Like the proverbial fingers in the dike, it seems like Napier’s water infrastructure keeps springing leak after leak.

This time it’s the outfall pipe from NCC’s wastewater treatment plant in Awatoto that’s sprung a leak … again. A small leak the Council says. 

This is the 1.5km pipe that carries Napier’s treated sewage out to sea. It has leaked before and will doubtless leak again before discharge of this effluent to sea is finally banned. As it will for Hastings’ discharge, which uses the same treatment system.

When these consents were previously issued a decade or so ago, Maori were persuaded that passing the treated water over ‘sacred’ rocks accomplished satisfactory cleansing from a spiritual perspective.

This will no longer fly.

Recently the HB Regional Council announced it was abandoning a plan to dump dredged material from the mouth of the Clive River (repeating the past approach to trying to keep the river from flooding back inland when sediment built up). The plan circumspectly noted that the Council itself deemed it too problematic to get a consent to so sully the offshore marine environment.

At the unstated root of this, I suspect, is a change of attitude in the Maori community. Formal opposition to using the Bay/ocean as a dumping ground – for any kind of pollutant – is now highly likely.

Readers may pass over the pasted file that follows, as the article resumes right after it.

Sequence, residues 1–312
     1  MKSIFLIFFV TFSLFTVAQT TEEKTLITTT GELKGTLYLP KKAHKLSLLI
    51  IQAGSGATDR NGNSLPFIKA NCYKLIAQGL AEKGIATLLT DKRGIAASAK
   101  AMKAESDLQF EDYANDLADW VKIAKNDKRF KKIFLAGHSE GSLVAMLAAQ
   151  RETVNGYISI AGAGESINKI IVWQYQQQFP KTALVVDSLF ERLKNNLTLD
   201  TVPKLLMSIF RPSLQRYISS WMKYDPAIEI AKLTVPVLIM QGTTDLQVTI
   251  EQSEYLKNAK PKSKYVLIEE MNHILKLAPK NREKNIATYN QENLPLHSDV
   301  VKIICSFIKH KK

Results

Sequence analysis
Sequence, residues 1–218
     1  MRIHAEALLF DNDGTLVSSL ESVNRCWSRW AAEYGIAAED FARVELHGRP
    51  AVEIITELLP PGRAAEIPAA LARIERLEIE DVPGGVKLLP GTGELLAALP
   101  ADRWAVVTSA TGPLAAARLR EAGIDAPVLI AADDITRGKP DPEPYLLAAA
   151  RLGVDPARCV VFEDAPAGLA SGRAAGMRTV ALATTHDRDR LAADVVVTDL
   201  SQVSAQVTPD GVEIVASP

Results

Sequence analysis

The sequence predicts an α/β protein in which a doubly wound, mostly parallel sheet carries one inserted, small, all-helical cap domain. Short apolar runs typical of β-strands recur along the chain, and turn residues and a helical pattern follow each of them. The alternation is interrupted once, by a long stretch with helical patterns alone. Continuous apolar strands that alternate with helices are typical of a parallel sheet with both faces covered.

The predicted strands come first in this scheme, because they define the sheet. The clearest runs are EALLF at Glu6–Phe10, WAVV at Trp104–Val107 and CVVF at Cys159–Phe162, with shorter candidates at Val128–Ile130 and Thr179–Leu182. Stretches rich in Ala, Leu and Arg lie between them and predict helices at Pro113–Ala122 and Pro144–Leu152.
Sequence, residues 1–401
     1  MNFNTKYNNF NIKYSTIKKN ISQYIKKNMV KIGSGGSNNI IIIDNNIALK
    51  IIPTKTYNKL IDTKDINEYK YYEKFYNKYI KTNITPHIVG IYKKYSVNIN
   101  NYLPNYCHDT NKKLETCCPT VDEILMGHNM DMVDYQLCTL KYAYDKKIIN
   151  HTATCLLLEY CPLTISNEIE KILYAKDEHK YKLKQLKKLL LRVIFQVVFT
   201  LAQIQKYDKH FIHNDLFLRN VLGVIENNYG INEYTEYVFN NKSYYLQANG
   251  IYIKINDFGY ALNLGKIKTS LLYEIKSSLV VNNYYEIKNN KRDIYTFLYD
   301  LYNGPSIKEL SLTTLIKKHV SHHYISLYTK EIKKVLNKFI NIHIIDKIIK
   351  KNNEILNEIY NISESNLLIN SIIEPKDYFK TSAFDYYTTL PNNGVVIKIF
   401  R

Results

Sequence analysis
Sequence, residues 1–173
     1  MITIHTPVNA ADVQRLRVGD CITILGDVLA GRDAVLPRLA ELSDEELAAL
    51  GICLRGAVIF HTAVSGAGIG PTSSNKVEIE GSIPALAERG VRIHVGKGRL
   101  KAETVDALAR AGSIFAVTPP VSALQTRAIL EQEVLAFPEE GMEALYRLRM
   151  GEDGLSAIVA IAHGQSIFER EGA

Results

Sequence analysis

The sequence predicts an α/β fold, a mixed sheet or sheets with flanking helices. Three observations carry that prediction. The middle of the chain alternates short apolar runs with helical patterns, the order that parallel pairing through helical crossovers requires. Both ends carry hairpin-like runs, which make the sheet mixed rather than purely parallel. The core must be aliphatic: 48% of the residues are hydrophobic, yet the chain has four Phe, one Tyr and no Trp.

The times, they are a’changin!

The HDC and NCC wastewater discharge consents have years to run … the relevant NCC consent expires 2037. But spending millions to repair or replace leaky outfalls will prove to be money down the drain, so to speak. In the future, the material remaining after wastewater treatment in the plants is completed will need to be disposed of on land in some fashion, and/or hopefully biological technologies will be available to ‘eat’ the waste and convert it into something beneficial.

And then there are treatment systems available today that render wastewater drinkable!

Stay tuned.

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1 Comment

  1. It was not only the maori, local sustainable fishing advocates LegaSea HB made a submission to stop the dumping of this material offshore. A real team effort.

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